Home > Uncategorized > Political ads: negativity, adwatches, and more (REACTION BLOG 3)

Political ads: negativity, adwatches, and more (REACTION BLOG 3)

What are some of the key things we have learned about political ads this week? Well first, people can gain information about candidates and issues from watching political ads and that they generally do not have sever negative impacts on the political process. Second, people have different motivations for what they hope to get from an advertisement (considering they have any motivations to begin with) and those motivations will influence what the viewer receives or gets out of the ad (Garramone, 1983). Next, issue ads that don’t explicitly advocate for the viewer to vote for or against a candidate are “not subject to campaign finance law restrictions as to spending limits and disclosure” (Pfau, Holbert, Szabo, & Kaminski, 2002, p. 301). Also, issue ads that are produced from a sponsor that isn’t a candidate are likely to avoid backlash that can happen when candidates attack their opponents (Pfau et al, 2002; Shen & Wu, 2002). Also, the media does participate in exposing ads and attempting to interrogate them, by participating in “adwatches” for the public. However, the media tends to focus on negative ads (duh), and they rarely do a very good job of critiquing (shocker).

Overall, the readings from this week are important because they extend upon some recurring themes from this semester. First, this idea that negative ads aren’t as bad as they seem. Just because they have the label of “negative” doesn’t mean they are inherently bad. In fact, research keeps showing us that they have value. Also, this week we learned that sponsors who are not affiliated with candidates can get away with negative advertising even more and without backlash to the candidate they support. This is interesting because if a candidate can have a good relationship with a PAC or other supporter then they could potentially work together to be a force to be reckoned with. Also, another theme that was elaborated on this week, is the role of the media. The media is what I like to call “weak sauce”. They are not very good at straying from the horse race and actually being critical interrogators of information, but I think we knew that (but now we can cite and back up this idea).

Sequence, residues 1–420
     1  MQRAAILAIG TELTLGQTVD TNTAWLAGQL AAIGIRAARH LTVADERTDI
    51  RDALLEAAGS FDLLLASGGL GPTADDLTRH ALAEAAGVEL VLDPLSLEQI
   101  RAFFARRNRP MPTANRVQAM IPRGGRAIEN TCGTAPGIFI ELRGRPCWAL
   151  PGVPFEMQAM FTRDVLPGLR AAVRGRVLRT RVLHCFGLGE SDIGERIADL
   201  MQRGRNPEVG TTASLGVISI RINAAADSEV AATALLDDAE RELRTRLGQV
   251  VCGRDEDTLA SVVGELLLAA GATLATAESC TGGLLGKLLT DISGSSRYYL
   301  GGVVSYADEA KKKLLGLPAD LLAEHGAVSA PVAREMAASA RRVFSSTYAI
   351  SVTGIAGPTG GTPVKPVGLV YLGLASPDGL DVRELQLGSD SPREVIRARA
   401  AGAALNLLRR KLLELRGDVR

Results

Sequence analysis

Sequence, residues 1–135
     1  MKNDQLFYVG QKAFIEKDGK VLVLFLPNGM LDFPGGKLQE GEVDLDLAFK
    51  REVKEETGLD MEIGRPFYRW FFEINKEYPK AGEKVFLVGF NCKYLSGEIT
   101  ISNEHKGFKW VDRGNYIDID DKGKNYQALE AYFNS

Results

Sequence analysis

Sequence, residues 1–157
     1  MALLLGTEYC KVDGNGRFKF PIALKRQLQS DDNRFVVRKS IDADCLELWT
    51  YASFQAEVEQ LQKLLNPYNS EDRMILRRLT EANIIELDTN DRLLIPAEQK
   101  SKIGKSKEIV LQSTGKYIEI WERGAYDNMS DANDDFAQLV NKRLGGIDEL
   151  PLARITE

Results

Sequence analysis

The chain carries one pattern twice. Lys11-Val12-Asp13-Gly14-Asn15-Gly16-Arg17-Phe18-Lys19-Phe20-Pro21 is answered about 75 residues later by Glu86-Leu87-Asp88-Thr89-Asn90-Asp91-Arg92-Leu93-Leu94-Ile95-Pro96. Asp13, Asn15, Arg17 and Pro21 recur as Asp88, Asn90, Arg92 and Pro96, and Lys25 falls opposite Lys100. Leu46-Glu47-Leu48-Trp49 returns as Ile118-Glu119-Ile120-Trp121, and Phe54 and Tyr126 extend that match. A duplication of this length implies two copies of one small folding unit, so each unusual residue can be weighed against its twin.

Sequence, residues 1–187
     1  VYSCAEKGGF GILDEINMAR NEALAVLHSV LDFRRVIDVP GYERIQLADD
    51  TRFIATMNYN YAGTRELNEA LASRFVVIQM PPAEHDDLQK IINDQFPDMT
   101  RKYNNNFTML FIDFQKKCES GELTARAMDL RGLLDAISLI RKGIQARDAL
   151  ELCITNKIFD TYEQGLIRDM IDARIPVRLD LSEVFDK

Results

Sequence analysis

Finally, I would like to take a quick moment to think about how this information applies to the current campaign cycle. First, what type of adwatches have you been exposed to this campaign season? Personally, I have seen some blogs and newspapers talking about political ads, but typically these adwatches don’t engage in a serious critique of the ad. Factcheck.org seems to be one of the better sites that does investigate accusations made in ads. Do you have a site, organization, or example of a good adwatch? Next, here is a link to an organization that is making strong efforts to target candidates without explicitly asking for a vote http://www.crossroadsgps.org/. Therefore, this organization is an example of one of the many organizations that is putting out ads to participate in this years election while being able to sidestep some of the campaign advertising rules and regulations. I urge you to take a look at these ads and consider what role these ads play in elections and how they should fit within campaign advertising laws, rules, and regulations. Finally, although we know that attack ads have benefits, what do you think about this attack ad: http://hotair.com/archives/2010/09/27/video-worst-political-ad-ever/ Do you think it has value? If so, what value? And specifically, what value in relation to what we have learned so far about negative ads?

Categories: Uncategorized
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  1. September 28, 2010 at 8:52 pm

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